Safe and Secure Cyber Monday Shopping Tips
A week from today, shoppers will go online hoping to take advantage of Cyber Monday deals for their friends, family and themselves. But consumer protection law specialists at the _ say shoppers should be careful because their personal information may not be adequately protected or the website they are purchasing from may not be trustworthy. The ABA’s Business Law Section has created Safeshopping.org, a website that provides helpful tips on ways to protect privacy and guard against cyberthreats.
“This is the time of year when eager buyers let their guard down, make online purchases that seem too good to be true and usually are, give out too much personal information or fail to check out the reputation of the seller,” said James P. Nehf, co-chair of the Consumer Protection Subcommittee of the Cyberspace Committee of the ABA Business Law Section and professor of law at the Indiana University Robert H. McKinney School of Law.
Retailers anticipate a 12 percent increase in online sales during the 2012 holiday season, according to the National Retail Federation. The Safeshopping.org website covers a range of topics including how to create effective passwords, make safe payments online and over the telephone, and prevent identity theft.
“The ABA hopes that by providing these tips, it can help shoppers at the holidays and throughout the year to enjoy the convenience of online shopping,” Nehf said.
Consumers should be sure to use a different password for each website, according to SafeShopping.org. Passwords should contain a mix of at least five letters, numbers and punctuation marks. Be sure to avoid obvious combinations such as names and birthday, and sites that request highly personal information such as bank account or Social Security numbers.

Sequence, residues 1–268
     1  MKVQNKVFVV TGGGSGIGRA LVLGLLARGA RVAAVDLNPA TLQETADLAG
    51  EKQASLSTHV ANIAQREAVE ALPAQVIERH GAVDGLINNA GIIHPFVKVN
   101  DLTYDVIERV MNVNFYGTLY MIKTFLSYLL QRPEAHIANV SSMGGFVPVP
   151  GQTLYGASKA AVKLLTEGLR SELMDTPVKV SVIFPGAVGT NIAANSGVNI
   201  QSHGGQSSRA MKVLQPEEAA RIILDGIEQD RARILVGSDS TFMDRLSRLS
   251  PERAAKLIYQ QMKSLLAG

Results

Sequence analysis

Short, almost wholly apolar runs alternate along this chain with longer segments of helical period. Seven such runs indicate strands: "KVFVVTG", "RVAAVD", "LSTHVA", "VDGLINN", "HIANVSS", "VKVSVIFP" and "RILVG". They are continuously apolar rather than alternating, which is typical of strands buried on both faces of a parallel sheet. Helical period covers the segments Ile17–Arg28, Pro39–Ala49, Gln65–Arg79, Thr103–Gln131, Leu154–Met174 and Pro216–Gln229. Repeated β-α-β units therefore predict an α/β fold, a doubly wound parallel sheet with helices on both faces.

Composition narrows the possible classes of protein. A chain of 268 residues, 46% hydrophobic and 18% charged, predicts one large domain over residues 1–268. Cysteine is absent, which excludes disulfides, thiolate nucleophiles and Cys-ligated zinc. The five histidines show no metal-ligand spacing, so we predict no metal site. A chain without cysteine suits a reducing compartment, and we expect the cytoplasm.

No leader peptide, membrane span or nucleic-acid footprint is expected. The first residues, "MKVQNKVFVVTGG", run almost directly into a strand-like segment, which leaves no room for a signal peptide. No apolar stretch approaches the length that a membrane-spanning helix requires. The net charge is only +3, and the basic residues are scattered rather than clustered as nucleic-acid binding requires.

When making payments online, purchasing goods with a credit card is safer than paying by check, cash, debit card, money order or other forms of payment. Under federal law, if a person has an unauthorized charge on his or her credit card, liability is limited to $50. And some website operators and credit card issuers — including Visa and MasterCard — promise that under certain circumstances they will pay this amount for the cardholder.
In addition, Cyber Monday shoppers should know the difference between a secure and unsecure website. A website is considered secure if it has an unbroken key or closed lock in the browser window. Alternatively, if there is a broken key or open lock, the site is not secure.
Before entering credit card information online, it is important to verify that the web address begins with “https” instead of “http.” According to SafeShopping.org the “s” signifies that the site is secure.
Consumers should also look for the words “Secure Sockets Layer” or a pop-up box indicating that they are entering a secure area.
For people who plan to make payments over the phone, it is important to collect the name and work identification number of the representative, the phone number called, the time of the conversation and the name of the company.
For more tips go to www.safeshopping.org.